October 31, 2005

Why Alito Likely Won't Be Confirmed: The Future of the Senate, and the Supreme Court, Rests with the Gang of 14

As I predicted, President Bush has nominated a strong conservative to replace the failed nomination of Harriet Miers. We now have the battle that liberal and conservative interest groups have been anticipating ever since President Bush promised a Supreme Court nominee in the Scalia-Thomas mold.

It all comes down now to the 14 Senators who made a deal to prevent the triggering of the "nuclear option" in the Senate, and the politics of abortion. This is a high stakes game for those 14 Senators. Risk the wrath of the right (if you are a moderate Democrat) or the wrath of the left (if you are a moderate Republican).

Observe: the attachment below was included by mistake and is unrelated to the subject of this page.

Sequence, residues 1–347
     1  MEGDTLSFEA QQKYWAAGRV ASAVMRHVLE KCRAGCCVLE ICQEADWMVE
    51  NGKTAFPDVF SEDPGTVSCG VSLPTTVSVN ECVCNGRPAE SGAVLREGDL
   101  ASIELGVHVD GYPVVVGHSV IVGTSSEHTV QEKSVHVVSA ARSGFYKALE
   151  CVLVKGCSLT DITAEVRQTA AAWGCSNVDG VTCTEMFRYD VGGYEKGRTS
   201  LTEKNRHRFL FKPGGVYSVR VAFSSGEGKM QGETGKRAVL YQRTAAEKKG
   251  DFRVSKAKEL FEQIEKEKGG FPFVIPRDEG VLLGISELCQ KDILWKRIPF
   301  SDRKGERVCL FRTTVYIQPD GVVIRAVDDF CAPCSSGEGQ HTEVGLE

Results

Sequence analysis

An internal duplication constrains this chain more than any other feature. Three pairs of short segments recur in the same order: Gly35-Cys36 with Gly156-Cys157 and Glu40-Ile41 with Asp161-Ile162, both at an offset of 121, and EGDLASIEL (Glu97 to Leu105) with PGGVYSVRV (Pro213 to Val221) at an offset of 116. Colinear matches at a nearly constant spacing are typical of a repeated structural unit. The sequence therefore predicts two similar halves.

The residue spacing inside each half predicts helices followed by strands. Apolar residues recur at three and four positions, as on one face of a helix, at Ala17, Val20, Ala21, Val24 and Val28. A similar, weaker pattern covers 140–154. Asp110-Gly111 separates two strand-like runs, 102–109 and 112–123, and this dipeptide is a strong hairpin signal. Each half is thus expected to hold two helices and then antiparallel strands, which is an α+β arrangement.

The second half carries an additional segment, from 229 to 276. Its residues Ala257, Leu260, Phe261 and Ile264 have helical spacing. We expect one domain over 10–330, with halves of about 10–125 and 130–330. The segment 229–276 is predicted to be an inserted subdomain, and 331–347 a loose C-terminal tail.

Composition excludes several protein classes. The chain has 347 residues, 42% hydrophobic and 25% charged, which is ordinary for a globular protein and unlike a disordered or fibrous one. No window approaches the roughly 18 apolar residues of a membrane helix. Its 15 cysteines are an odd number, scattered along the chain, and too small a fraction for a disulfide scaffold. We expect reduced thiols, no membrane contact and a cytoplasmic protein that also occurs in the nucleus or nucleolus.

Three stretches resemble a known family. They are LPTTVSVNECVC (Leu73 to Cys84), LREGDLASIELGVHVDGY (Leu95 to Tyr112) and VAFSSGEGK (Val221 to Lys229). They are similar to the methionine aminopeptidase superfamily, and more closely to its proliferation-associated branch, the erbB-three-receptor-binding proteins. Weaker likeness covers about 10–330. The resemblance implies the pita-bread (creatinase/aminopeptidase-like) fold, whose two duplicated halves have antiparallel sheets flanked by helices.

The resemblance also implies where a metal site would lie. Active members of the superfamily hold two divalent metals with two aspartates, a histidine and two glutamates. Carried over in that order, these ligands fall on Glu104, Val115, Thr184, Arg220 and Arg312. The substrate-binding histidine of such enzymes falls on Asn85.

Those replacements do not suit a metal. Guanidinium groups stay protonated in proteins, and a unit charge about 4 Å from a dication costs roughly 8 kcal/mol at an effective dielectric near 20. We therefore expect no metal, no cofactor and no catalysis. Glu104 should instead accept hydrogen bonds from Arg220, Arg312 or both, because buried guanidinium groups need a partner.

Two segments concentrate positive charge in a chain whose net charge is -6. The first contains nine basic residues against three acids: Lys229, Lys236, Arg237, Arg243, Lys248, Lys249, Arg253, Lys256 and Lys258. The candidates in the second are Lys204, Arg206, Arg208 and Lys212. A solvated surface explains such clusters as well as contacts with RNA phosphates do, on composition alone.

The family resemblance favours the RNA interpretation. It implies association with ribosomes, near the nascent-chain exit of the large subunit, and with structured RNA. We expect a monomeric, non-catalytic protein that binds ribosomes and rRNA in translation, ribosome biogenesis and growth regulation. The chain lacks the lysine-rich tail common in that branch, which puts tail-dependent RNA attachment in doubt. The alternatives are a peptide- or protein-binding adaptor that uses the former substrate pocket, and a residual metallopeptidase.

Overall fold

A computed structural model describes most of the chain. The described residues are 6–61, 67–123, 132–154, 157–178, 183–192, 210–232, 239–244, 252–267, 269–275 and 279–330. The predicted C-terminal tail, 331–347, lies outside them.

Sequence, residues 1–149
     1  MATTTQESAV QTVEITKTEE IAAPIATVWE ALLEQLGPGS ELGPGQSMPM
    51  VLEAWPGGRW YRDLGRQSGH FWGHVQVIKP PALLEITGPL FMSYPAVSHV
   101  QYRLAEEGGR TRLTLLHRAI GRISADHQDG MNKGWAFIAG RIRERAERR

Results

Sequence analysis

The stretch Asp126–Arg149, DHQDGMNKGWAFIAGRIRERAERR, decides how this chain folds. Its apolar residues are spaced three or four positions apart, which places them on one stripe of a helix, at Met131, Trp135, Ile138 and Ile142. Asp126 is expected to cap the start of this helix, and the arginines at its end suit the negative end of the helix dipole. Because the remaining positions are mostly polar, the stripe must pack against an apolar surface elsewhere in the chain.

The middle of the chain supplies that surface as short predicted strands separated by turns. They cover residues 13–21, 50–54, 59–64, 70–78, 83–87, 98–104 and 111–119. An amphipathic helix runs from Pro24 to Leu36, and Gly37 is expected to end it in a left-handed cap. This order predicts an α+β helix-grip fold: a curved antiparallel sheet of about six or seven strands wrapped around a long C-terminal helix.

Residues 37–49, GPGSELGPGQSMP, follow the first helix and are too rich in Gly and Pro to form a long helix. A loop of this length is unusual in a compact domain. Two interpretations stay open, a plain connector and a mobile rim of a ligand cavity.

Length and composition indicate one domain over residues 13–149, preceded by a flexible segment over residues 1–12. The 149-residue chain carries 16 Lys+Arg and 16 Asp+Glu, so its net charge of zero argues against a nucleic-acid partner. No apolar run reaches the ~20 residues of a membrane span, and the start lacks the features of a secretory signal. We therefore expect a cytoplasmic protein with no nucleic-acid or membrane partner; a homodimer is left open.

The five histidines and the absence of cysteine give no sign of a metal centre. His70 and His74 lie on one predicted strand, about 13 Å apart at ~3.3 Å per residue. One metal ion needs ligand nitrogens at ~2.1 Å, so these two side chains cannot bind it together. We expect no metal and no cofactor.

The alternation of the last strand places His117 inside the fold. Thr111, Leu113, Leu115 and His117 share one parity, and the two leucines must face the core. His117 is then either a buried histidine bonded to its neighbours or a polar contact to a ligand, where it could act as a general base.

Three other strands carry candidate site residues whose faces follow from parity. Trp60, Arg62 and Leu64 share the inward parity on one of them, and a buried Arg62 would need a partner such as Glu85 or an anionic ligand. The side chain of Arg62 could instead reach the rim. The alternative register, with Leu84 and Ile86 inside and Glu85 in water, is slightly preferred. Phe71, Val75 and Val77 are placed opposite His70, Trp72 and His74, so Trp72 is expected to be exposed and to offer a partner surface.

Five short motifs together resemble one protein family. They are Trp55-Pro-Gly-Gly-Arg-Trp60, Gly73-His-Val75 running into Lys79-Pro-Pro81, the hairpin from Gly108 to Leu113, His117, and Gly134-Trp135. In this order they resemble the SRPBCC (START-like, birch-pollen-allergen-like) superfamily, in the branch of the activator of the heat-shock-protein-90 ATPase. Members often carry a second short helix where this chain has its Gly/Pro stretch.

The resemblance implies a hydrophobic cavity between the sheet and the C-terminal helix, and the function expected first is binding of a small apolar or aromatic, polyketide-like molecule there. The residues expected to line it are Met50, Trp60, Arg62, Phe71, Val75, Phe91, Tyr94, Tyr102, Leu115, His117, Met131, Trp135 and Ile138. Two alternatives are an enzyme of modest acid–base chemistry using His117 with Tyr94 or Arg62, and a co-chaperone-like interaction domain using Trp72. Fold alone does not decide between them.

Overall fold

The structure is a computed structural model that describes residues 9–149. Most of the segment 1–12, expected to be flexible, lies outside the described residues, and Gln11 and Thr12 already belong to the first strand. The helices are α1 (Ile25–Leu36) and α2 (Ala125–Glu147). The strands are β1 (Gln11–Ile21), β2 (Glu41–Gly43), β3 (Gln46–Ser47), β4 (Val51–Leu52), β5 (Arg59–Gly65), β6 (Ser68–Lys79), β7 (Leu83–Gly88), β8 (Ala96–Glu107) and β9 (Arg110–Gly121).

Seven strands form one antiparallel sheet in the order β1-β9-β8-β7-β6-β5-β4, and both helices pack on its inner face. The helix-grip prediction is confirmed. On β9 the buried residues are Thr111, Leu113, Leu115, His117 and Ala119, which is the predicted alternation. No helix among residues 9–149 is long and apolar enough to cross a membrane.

I am ready to make my next prediction: Judge Alito will not be confirmed, because Democrats will threaten to use the filibuster for a nominee they will strongly paint as anti-choice. Moderate Republicans, such as Olympia Snowe, won't vote to trigger the nuclear option, and Judge Alito will not get a vote on the floor of the Senate. My level of confidence in this prediction: not high. With the stakes this high, the triggering of the nuclear option is very much in play, and the decline of the Senate as a deliberative institution is clearly in sight. (For background on how the nuclear option will change the nature of the Senate, see my Roll Call oped from April 25).

Posted by Rick Hasen at October 31, 2005 08:27 AM